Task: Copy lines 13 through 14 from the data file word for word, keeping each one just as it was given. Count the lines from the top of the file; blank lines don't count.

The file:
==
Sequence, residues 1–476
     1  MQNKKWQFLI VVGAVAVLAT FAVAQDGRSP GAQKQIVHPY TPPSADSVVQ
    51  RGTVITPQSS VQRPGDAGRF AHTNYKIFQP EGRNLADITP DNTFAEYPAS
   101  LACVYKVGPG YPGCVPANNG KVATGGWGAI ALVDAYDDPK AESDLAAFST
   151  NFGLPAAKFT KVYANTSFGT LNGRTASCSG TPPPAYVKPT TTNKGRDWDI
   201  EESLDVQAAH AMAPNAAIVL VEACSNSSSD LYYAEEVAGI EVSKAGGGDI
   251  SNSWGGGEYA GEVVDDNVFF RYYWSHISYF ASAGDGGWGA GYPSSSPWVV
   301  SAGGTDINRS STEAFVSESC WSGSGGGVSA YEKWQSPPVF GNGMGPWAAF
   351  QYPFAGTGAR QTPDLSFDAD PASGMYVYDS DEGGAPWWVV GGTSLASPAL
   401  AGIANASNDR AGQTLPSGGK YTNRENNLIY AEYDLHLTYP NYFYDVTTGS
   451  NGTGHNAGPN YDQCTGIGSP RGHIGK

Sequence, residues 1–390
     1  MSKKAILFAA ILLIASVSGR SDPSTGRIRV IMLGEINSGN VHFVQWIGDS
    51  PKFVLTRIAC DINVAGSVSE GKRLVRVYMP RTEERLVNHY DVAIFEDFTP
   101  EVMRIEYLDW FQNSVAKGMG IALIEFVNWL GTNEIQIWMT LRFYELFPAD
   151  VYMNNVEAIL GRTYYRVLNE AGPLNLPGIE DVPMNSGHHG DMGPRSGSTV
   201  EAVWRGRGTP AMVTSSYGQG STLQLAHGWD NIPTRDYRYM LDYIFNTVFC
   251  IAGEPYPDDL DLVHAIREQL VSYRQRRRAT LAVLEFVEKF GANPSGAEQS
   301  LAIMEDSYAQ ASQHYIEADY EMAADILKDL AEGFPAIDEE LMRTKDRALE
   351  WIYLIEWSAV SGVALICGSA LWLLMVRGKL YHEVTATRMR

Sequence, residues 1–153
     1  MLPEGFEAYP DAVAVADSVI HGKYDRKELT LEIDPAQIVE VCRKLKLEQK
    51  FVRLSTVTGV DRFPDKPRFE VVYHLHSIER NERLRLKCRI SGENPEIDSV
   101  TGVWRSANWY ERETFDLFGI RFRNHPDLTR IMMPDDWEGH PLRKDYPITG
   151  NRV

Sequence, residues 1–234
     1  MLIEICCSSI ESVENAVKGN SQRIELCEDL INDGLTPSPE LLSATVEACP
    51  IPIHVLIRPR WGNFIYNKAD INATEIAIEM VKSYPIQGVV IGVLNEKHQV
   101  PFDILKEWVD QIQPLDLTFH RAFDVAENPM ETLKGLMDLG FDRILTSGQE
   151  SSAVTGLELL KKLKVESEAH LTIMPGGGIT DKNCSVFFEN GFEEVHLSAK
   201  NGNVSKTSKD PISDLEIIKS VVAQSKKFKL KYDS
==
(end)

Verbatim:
     1  MSKKAILFAA ILLIASVSGR SDPSTGRIRV IMLGEINSGN VHFVQWIGDS
    51  PKFVLTRIAC DINVAGSVSE GKRLVRVYMP RTEERLVNHY DVAIFEDFTP